CEO says he tried to hire an AI researcher from Meta, and was told to ‘come back to me when you have 10,000 H100 … – Yahoo News

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  • It’s only getting harder to hire workers with AI skills.

  • The CEO of an AI startup said he couldn’t poach a Meta employee because it didn’t have enough GPUs.

  • “Amazing incentives” are needed to attract AI talent, he said on the podcast “Invest Like The Best.”

Recruiting AI talent appears to be a tough feat for some companies.

Aravind Srinivas, the founder and CEO of Perplexity, an AI-powered question-and-answer engine, described his interaction with a job candidate that reflects just how hard it can be to hire people with generative AI skills.

“I tried to hire a very senior researcher from Meta, and you know what they said? ‘Come back to me when you have 10,000 H100 GPUs’,” Srinivas said on a recent episode of the advice podcast “Invest Like The Best.”

H100 GPUs refer to Nvidia’s highly coveted graphic processing units that tech giants like Meta, OpenAI, and Google use in their data centers to power and train their AI chatbots.

“That would cost billions and take 5 to 10 years to get from Nvidia,” Srinivas said.

Limited funds — combined with a chip shortage — may be one reason Perplexity, which powers its Q&A engine using GPT-4, has found it tough to find the talent required to create a large language model, Srinivas said.

“People don’t want to leave because when you don’t have anything when they have peers to work with, and when they already have a great experimentation stack and existing models to bootstrap from, for somebody to leave, it’s a lot of work,” the CEO said. “You have to offer such amazing incentives and immediate availability of compute. And we’re not talking of small compute clusters here.”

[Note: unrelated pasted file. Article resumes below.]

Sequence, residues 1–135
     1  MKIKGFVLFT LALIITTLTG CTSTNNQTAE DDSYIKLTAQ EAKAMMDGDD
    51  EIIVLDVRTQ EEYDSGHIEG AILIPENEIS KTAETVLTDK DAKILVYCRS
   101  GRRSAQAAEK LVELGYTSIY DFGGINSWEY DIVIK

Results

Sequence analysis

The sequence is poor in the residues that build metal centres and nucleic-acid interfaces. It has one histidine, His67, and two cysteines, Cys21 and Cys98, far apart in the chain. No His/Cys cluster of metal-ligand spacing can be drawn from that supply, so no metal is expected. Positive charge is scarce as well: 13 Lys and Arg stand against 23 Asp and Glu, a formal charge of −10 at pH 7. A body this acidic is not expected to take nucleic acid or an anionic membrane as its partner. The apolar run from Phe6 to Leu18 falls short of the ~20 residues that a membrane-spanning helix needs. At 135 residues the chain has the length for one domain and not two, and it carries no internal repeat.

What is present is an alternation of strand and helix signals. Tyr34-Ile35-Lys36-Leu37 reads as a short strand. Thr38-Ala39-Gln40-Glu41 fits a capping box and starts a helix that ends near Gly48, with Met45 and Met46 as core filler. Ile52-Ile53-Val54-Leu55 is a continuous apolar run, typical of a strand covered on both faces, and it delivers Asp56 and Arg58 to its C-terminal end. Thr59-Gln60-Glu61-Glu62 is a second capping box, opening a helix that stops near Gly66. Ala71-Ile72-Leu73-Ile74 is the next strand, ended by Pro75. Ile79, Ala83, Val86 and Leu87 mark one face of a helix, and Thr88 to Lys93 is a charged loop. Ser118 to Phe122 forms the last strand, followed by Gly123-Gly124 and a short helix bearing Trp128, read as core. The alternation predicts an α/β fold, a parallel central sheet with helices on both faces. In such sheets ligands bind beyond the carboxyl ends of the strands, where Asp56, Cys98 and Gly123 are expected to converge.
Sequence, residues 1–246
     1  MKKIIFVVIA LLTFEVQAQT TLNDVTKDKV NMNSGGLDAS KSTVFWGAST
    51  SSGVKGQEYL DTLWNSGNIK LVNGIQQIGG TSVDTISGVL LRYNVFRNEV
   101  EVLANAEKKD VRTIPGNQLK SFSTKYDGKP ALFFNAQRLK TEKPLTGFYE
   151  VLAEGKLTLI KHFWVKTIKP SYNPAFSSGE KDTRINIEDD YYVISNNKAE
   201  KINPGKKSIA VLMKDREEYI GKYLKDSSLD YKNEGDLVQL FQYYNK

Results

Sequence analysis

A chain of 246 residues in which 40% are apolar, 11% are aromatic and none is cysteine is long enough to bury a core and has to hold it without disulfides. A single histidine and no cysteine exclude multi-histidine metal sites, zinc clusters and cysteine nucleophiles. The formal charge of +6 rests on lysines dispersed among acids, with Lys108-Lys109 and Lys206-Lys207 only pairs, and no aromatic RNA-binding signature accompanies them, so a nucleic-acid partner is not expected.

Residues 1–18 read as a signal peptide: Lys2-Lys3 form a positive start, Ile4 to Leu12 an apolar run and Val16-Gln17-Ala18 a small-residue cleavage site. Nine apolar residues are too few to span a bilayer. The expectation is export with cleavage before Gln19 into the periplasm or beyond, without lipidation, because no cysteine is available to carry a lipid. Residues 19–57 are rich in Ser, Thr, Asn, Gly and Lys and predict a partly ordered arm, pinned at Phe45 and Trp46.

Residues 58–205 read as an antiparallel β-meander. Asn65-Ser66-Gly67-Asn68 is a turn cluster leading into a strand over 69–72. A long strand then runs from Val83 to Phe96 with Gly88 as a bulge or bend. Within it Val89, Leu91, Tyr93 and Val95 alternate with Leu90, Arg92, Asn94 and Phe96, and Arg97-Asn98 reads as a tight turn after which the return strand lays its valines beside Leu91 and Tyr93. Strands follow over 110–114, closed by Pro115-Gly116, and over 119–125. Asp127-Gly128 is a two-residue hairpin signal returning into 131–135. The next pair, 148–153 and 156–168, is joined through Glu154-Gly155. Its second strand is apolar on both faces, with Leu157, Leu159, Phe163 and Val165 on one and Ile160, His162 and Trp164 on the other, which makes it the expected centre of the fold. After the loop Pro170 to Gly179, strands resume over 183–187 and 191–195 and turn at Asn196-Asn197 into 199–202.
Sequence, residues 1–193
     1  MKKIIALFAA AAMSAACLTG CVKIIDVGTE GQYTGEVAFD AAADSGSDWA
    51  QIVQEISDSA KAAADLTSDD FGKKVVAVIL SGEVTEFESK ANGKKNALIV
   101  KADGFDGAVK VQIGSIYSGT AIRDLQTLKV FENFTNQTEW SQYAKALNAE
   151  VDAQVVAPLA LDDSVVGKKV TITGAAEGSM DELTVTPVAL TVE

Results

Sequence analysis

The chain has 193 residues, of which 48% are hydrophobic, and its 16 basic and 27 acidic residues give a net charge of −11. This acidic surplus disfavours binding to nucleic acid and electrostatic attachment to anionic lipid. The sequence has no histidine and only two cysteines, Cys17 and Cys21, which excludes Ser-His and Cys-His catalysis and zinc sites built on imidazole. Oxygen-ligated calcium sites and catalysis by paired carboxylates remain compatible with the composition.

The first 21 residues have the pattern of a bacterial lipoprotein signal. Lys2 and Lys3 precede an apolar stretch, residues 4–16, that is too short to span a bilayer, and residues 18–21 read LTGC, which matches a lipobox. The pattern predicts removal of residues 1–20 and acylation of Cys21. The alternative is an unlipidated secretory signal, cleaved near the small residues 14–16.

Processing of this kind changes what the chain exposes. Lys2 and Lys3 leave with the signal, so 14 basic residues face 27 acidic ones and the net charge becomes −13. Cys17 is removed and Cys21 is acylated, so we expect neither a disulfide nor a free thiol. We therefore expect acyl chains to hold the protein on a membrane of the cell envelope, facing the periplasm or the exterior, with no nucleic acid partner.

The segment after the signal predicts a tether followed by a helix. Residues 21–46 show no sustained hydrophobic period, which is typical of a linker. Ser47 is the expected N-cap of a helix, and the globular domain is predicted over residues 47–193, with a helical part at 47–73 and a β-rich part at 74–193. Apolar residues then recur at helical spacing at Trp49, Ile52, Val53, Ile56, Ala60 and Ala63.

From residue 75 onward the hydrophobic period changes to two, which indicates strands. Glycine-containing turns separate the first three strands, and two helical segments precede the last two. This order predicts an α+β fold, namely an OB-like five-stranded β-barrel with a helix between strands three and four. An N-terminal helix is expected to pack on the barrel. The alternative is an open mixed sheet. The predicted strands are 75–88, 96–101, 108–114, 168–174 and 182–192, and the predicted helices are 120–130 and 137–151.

The CEO added that even if smaller firms like Perplexity are finally able to get Nvidia’s chips, they’ll continue to fall behind because of AI’s rapid speed of development.

That could make it even harder to secure AI talent in the future.

“By the time you waited and got the money and booked the cluster and got it, the guys working here will have already made the next-generation model,” Srinivas said, referring to AI talent at major tech companies.

“They’re like, ‘Look, the world has changed, I’m already in the next generation,'” he added. “‘I’ll come when the next version of the model is finished training. This time, you come back to me when you have 20,000 H100s.'”

Srinivas and Meta didn’t immediately respond to Business Insider’s request for comment before publication.

There has been a rapid uptick in interest in AI skills like machine learning and data engineering since OpenAI launched ChatGPT in November 2022. Companies like Amazon, Netflix, and Meta have offered salaries as high as $900,000 a year to attract generative AI talent, and non-tech companies across the education, healthcare, and legal sectors have been looking to fill roles with workers who know how to use AI.

While Big Tech companies may employ workers who can create AI models that generate desirable outputs, Srinivas believes that skillset alone isn’t enough to make AI tools useful.

“You have to post-train them and address the long tail of issues you get on serving a product,” the CEO said.

Post-training expertise — like knowing how to reduce a chatbot’s factual inaccuracies — is an important skill that employees from industries like crypto or e-commerce can quickly learn, Srinivas said.

Leaning into that skillset, the CEO said, will help AI companies like Perplexity stand out in a sector dominated by Big Tech.

“You have tremendous advantage to create a lot of value,” he said about post-training skills. “And we are focused on that.”

Read the original article on Business Insider

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